On the other hand, even young people weren’t prepared for this new world. Educated in the world before the war, young people knew the old values, the old social mores, the old expectations. And while they felt they were obsolete and not fitting for them, they didn’t know where to find new ones. 
They were acutely aware that their fathers’ values no longer had any power. What had been important in that world had been wiped away by the brutality and horror of WWI. Whatever their fathers had preached to them had been belied by industrial warfare and its horrors. These youths felt they had been lied to, and they felt bitter about it, yet the war had sacked so much out of them that nothing remained to build something new. 

WWI had both destroyed what they knew and created what they embraced. Yet they didn’t really know how to navigate the world they were living in. 


Enzo Travero, A ferro e fuoco. La guerra civile europea (1914-1945), Il Mulino, Bologna, 2008 (Fire and Blood: The European Civil War, 1914-1945, Verso Publishers, 2016)

International Encyclopedia of the First World War – Post-war Societies
Family Search – The Lost Generation: Who They Are and Why They’re “Lost”

Horizontal banner for the book "The Great War". On the left-hand side is the photo of a group of soldiers standing in a WWI trench. A Yellow button reads, "Go to Shop". On the right-hand side is a picture of a stake of two books, of which only the spine is visible, and the cover of a book standing upright, with the same group of soldiers standing in the trench. The stake of books stands against an olive green background. A big title in yellow reads "The Great War", and a smaller text reads "The updated ebook".


  • Ronel Janse van Vuuren
    Posted April 6, 2024 at 13:35

    I think, even today, people believe that war is something that happens in another country. Until it happens to them. Scary.

    Ronel visiting for F: My Languishing TBR: F

    • Post Author
      Posted April 11, 2024 at 19:12

      That’s true. Even when the war is really quite near. Ukraine is not so very far from Italy, where I live. It’s almost surreal to think about it.

  • Viktor Steiner
    Posted April 6, 2024 at 20:32

    I had never really thought about the huge change that war machinery made on the battlefield and, in consequence, on the way survivors saw life very differently, rejecting traditional values but not knowing with what to replace them.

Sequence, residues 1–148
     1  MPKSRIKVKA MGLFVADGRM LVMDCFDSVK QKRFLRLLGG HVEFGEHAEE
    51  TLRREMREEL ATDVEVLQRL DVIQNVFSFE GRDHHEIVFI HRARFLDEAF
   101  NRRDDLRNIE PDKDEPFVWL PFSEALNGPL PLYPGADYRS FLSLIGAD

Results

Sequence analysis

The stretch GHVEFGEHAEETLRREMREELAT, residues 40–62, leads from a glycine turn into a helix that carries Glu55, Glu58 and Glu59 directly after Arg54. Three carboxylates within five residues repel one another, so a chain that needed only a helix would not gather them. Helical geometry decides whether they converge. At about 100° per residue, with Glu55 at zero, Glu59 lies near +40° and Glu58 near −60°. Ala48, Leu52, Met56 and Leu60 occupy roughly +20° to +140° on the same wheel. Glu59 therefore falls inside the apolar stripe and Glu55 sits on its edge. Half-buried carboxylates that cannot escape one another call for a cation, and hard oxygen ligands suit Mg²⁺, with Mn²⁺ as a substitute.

• Post Author
      Posted April 11, 2024 at 19:15

      I remember someone saying that people entered the Great War on horse and came out of it in an airplane. That’s the spectrum of the change. I think it’s very difficult for us to realise the impact of those changes. I almost understand why people thought the end of the world must be near.

  • martine
    Posted April 7, 2024 at 17:11

    What a fascinating thread you have for your challenge, I will pop back and read some more.

    • Post Author
      Posted April 11, 2024 at 19:16

      Hi, Martine. So happy you enjoy my challenge 🙂

  • D.A.Cairns
    Posted April 7, 2024 at 20:19

    Excellent little piece. This is my first visit (working through he A to Z list) but I’ll be back. In Australia, we are approaching ANZAC Day which is perhaps our most important national holiday. It commemorates the landing of Australian and New Zealand troops at Gallipoli on April 25, 1915. It was our worst military disaster.

    • Post Author
      Posted April 11, 2024 at 19:19

      I know about the ANZAC and the Battle of Gallipoli, but never really looked into it. I’ll need to do it, one day 🙂

  • Birgit
    Posted April 8, 2024 at 01:30

    This war was vicious and the youth became so disfigured physically, emotionally and mentally.

    • Post Author
      Posted April 11, 2024 at 19:24

      That’s very true. But to be honest, nobody ever fathomed in the least what was going to happen.